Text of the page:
Note that the form processing is intentionally not done in the ValidateButton_Click handler, in case there are multiple controls which can submit the page. We want to validate the SimpleCaptcha regardless of what caused the page to be submitted.

This is important because most bots will not submit the form by actually clicking the button, but by simply constructing fake POST request data – which might or might not include the "control which caused postback" part responsible for triggering the individual button click event. Checking the SimpleCaptcha regardless of other form submission variables ensures proper SimpleCaptcha security in all cases.

Form Setup Code

On the first page load (If Not IsPostBack), the button and label controls are initialized, and SimpleCaptcha validation is not performed (since the user didn't have a chance to solve it yet).

SimpleCaptcha Validation Code

When the page is submitted (If IsPostBack), we forward the user input to the SimpleCaptcha.Validate() method, which compares it to the correct code stored in Session state.

In this simplified example, we use the validation result just to display a message, and always show a new SimpleCaptcha. In most real use cases, you will only show a new SimpleCaptcha if the user didn't solve the previous one correctly, and execute the protected code fragment (user registration, comment recording, etc.) if the SimpleCaptcha was solved correctly.

If you redirect the user to a different page upon successful SimpleCaptcha completion, it might be a good idea to set a Session variable with the SimpleCaptcha solving result (for example, Session)"IsHuman") = True) and check it on those subsequent pages (redirecting back to the SimpleCaptcha page if it's not set). Otherwise, bots could be written to skip the Captcha-protected page and go to those later stage pages directly, bypassing the protection.

Finally, since a new Captcha image is shown on each page load and each Captcha code can only be validated once (regardless of the validation result), the user input should always be cleared after SimpleCaptcha validation.


<?xml version="1.0"?>
  For more information on how to configure your ASP.NET application, please 
    <add key="aspnet:UseTaskFriendlySynchronizationContext" value="true"/>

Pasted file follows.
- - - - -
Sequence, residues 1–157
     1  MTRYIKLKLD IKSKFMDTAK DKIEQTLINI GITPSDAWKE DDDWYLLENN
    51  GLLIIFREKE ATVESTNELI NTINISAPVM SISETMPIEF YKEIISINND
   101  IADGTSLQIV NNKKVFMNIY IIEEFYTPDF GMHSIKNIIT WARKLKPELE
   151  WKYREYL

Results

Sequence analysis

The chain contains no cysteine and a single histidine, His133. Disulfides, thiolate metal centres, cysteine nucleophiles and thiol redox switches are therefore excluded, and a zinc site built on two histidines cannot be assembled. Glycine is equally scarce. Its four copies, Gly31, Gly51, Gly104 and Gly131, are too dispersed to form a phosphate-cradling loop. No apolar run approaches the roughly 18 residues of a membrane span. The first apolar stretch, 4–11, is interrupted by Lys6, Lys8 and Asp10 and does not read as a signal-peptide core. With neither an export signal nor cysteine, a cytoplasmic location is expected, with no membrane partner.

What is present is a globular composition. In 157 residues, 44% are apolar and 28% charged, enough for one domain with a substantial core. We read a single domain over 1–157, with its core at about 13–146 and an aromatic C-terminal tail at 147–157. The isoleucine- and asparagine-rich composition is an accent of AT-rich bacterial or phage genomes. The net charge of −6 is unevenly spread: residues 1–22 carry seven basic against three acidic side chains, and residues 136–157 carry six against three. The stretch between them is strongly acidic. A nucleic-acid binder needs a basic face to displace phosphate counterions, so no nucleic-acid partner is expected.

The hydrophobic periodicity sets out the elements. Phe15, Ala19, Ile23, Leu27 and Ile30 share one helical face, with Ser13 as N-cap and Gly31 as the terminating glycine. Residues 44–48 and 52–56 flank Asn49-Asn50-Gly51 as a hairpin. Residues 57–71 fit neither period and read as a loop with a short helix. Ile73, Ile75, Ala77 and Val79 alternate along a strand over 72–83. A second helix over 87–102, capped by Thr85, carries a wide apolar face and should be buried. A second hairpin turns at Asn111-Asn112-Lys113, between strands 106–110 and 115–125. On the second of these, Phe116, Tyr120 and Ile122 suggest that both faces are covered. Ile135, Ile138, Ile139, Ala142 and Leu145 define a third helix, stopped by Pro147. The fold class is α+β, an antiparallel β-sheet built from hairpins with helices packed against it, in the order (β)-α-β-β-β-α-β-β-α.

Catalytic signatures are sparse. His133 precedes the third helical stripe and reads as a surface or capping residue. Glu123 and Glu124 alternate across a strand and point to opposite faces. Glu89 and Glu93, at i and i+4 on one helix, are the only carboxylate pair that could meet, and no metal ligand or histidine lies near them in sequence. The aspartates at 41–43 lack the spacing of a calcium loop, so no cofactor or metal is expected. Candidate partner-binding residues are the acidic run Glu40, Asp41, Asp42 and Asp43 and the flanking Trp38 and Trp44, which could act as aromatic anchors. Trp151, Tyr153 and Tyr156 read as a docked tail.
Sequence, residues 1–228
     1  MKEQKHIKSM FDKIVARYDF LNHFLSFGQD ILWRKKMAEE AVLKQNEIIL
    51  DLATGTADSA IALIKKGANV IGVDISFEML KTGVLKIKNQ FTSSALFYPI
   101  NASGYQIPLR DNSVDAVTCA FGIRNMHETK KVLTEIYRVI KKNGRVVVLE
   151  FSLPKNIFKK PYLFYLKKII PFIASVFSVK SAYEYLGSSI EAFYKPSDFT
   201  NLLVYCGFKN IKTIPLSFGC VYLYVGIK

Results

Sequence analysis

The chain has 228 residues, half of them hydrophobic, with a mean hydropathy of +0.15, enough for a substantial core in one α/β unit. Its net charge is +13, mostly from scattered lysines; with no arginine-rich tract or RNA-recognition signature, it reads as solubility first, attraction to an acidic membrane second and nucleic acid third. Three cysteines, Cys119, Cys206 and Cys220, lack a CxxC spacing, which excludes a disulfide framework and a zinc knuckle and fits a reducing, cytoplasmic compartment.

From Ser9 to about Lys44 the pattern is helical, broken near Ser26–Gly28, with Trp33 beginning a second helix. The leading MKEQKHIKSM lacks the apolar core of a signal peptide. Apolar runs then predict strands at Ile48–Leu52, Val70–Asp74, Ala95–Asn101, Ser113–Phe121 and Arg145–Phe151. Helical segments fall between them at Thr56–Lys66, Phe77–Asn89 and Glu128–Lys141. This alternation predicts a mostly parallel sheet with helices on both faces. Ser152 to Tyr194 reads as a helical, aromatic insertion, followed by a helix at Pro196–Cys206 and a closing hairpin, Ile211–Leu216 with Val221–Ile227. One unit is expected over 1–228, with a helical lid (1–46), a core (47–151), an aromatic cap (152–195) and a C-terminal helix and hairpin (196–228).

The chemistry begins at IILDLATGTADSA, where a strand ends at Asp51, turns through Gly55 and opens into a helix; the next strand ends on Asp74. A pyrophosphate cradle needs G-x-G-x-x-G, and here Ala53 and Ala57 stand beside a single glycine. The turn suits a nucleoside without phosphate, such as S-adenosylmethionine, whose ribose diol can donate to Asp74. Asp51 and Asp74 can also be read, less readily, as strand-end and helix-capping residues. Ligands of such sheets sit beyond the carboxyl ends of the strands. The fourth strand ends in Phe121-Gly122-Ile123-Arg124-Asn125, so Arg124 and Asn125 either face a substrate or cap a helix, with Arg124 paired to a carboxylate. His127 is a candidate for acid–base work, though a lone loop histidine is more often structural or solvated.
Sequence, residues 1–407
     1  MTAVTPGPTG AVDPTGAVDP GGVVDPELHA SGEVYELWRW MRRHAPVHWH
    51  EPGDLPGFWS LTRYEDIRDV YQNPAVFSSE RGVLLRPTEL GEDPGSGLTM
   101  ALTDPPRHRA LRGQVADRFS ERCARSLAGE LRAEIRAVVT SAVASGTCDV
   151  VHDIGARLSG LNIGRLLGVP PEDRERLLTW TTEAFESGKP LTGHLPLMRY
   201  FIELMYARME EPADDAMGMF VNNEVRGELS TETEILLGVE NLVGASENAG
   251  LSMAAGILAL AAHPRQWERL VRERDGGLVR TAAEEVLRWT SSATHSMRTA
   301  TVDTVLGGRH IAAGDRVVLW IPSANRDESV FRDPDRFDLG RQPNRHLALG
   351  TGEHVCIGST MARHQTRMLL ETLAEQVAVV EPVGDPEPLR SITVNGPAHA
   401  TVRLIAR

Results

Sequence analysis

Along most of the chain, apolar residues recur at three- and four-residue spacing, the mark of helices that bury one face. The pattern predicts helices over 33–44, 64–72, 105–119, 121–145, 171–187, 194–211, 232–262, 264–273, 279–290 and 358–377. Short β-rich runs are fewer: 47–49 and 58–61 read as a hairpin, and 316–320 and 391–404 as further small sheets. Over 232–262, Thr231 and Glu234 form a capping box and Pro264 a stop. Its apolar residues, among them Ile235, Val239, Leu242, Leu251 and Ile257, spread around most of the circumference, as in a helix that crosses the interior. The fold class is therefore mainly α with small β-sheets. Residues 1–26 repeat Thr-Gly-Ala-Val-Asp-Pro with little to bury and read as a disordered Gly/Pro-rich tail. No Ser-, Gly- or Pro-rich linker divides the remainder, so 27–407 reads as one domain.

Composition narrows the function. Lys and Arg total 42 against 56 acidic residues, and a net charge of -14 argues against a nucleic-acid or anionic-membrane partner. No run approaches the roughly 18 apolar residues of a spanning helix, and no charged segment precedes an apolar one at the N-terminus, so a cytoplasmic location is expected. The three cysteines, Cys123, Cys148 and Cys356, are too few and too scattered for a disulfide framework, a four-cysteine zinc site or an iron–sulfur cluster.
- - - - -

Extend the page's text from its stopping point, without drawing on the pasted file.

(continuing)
<add key="ValidationSettings:UnobtrusiveValidationMode" value="None"/>
      <!-- Register the HttpHandler used for BotDetect Simple API requests -->
      <add verb="GET" path="BotDetectCaptcha.ashx" 
      type="BotDetect.Web.SimpleCaptchaHandler, BotDetect"/>
    <pages controlRenderingCompatibilityVersion="4.0">
      <!-- Register the BotDetect tag prefix for easier use in all pages -->
      <add assembly="BotDetect" namespace="BotDetect.Web.UI" 
    <compilation debug="false" targetFramework="4.5"/>
    <httpRuntime requestValidationMode="4.5" targetFramework="4.5" 
    encoderType="System.Web.Security.AntiXss.AntiXssEncoder, System.Web, Version=, Culture=neutral, PublicKeyToken=b03f5f7f11d50a3a"/>
    <machineKey compatibilityMode="Framework45"/>
    <validation validateIntegratedModeConfiguration="false"/>
      <!-- Register the HttpHandler used for BotDetect Simple API requests (IIS 7.0+) -->
      <remove name="BotDetectCaptchaHandler"/>
      <add name="BotDetectCaptchaHandler" preCondition="integratedMode" verb="GET" 
      path="BotDetectCaptcha.ashx" type="BotDetect.Web.SimpleCaptchaHandler, BotDetect"/>

There are several BotDetect-related changes in the web.config file, including SimpleCaptcha HttpHandler registration and BotDetect tag prefix registration.


<?xml version="1.0" encoding="UTF-8"?>
<botdetect xmlns="" 



In botdetect.xml, we configure captcha options for the ExampleCaptcha captcha style name. You can find a full list of available Captcha configuration options and related instructions at the Captcha configuration options page .